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Manager trying to sabotage employee didn't realize she was leaving a paper trail behind

Little did the manager know that her attempts to mess with the employee's career would soon backfire immensely.

Manager trying to sabotage employee didn't realize she was leaving a paper trail behind
Representative Cover Image Source: Pexels | Karolina Grabowska, Reddit | u/powderedtoastsupreme

In a world that's constantly competing to excel, we are inevitably faced with office politics and unreasonable expectations from our bosses. However, some have the knack to be cautious and find the right solution to tackle a toxic workplace. One such employee, u/powderedtoastsupreme shared on Reddit about their hilarious way of getting back at their manager who was trying to mess with their career. When the employee's job as a writer and editor was at stake, they made sure to drag their manager down with them and the internet was amused.

Representative Image Source: Pexels | Andrea Piacquadio
Representative Image Source: Pexels | Andrea Piacquadio

Working for a large media company, the writer was dedicated to the "sports" department and was happy with their job for a year and a half. But when a new manager was appointed, things got more stressful. Before this manager's tenure, the company updated its style guide, a reference document about formatting, only once or twice a year. "After she came on, it was being updated at least once a week, if not multiple times a week. It legitimately became an obsession for her," the employee mentioned. Though the employees kept up with the manager's annoying obsession, they realized that she "didn’t have the faintest idea what she was doing," because there were several "glaring errors." 

Representative Image Source: Pexels | Marcus Aurelius
Representative Image Source: Pexels | Marcus Aurelius

At one point, the manager's unreasonable expectations led to people being reprimanded for not following the style guide she had updated too often. When it was the writer's turn to have a one-on-one talk, what the manager pointed out left them perplexed. "To my horror, however, it appeared my new writing manager didn’t understand basic grammar," the employee said. Turns out, the manager wanted the writer to use the terms, "mens football" and "womens football" instead of using it in the possessive form like, "men's," or "women's." Despite the writer explaining that "mens" was not a grammatically accurate word, the manager wanted them to implement the changes. So, the employee decided to maliciously comply with her demands.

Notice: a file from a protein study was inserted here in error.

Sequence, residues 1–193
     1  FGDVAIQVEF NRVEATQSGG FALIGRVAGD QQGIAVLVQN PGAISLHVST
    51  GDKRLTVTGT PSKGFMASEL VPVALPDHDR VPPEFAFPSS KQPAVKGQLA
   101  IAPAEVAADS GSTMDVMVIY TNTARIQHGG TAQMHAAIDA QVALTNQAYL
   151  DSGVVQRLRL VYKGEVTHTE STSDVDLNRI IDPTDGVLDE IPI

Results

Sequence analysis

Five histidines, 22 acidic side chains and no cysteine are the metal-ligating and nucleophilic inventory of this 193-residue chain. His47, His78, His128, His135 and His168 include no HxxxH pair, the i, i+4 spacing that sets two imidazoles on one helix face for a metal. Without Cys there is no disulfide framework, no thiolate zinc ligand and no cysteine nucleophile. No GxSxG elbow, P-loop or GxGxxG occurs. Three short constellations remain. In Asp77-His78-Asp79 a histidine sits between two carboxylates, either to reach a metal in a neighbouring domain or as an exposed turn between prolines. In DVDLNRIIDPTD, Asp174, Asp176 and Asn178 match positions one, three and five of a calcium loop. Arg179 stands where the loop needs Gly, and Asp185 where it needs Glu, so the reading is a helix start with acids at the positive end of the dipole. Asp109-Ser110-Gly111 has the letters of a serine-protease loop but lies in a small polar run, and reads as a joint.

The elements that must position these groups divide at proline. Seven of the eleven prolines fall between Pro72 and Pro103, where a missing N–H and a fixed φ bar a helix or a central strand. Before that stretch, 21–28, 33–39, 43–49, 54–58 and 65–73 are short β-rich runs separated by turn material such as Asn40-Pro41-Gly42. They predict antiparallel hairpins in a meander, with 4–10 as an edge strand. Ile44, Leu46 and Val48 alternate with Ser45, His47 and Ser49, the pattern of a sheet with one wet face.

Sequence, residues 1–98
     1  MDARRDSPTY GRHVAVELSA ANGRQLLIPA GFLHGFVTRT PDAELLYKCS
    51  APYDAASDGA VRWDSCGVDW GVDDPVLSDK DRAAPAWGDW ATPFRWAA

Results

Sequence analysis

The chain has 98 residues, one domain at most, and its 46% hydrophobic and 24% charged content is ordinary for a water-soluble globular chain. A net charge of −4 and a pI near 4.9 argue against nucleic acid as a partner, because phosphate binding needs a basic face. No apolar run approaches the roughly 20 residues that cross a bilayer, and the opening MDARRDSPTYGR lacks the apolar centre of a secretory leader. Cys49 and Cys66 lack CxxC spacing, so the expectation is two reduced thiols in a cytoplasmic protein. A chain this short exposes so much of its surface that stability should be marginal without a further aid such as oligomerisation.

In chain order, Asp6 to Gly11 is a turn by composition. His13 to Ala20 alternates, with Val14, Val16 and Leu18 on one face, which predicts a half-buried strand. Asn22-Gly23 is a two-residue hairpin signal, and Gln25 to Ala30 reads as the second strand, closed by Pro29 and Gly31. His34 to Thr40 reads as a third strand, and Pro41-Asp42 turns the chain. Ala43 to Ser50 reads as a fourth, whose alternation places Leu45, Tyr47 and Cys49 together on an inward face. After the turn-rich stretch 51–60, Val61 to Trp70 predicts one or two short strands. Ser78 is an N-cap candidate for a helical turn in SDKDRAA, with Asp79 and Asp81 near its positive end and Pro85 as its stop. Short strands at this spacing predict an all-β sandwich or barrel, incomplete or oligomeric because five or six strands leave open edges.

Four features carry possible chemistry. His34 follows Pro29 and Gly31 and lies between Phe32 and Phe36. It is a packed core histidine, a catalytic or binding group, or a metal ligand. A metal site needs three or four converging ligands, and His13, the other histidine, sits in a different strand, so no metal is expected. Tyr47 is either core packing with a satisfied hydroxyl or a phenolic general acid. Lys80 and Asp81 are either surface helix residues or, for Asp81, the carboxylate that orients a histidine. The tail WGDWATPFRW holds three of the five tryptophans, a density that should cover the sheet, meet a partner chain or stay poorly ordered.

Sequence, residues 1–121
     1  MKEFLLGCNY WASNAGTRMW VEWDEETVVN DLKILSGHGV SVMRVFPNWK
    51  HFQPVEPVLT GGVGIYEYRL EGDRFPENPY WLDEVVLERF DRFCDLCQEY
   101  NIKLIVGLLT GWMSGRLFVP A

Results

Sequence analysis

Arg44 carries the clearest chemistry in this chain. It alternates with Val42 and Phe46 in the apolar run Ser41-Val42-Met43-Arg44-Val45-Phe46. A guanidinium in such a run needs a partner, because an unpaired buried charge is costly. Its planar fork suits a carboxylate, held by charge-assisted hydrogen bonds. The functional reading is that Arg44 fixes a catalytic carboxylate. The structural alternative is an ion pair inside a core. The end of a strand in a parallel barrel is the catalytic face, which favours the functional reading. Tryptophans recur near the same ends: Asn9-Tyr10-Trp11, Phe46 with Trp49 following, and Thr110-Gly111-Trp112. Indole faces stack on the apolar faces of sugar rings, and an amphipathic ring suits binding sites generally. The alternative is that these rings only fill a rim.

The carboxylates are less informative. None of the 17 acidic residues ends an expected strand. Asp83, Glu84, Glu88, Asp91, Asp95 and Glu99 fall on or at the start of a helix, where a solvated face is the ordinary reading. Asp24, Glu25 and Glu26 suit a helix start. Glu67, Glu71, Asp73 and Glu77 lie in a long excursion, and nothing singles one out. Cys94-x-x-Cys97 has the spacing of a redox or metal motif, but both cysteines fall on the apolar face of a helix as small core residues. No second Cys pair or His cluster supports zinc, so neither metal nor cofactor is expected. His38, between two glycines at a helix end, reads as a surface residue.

"Realizing her idiocy could cost me my job, I made a simple request. 'Could you please email me the exact style guide rule you’re referencing and how exactly you’d like me to implement it, with examples of where I messed up?'" the writer noted. In a witty attempt, the employee got all the demands and style guide changes that the manager imposed documented. When they were fired six months later, they handed over all these paper trails along with pieces of evidence of the manager passing on their work to other employees. "Turned out, that my little folder sparked a full investigation by HR and after interviewing other coworkers in the department, they realized she had done all of it to have grounds to fire people within the department she didn’t like," they added. Thanks to the prompt documentation by the employee, the manager was fired three months after they lost the job.

Image Source: Reddit | u/Equivalent-Salary357
Image Source: Reddit | u/Equivalent-Salary357

 

Image Source: Reddit | u/dsdvbguutres
Image Source: Reddit | u/dsdvbguutres

People in the comments could relate a lot to the employee's story. "Bad managers are one thing. The complete dimwits that hire them are on another level," said u/Tallguy71. "I’m a tech writer and my skin crawled when I read 'mens basketball.' Your boss was beyond ignorant. She was evil. Glad you found a new gig that you enjoy," remarked u/PEKU1954. "Your manager fell foul of one of the golden rules: If someone demands something in writing, you are making a mistake that will come back to bite you," pointed out u/DoctorOctagonapus.

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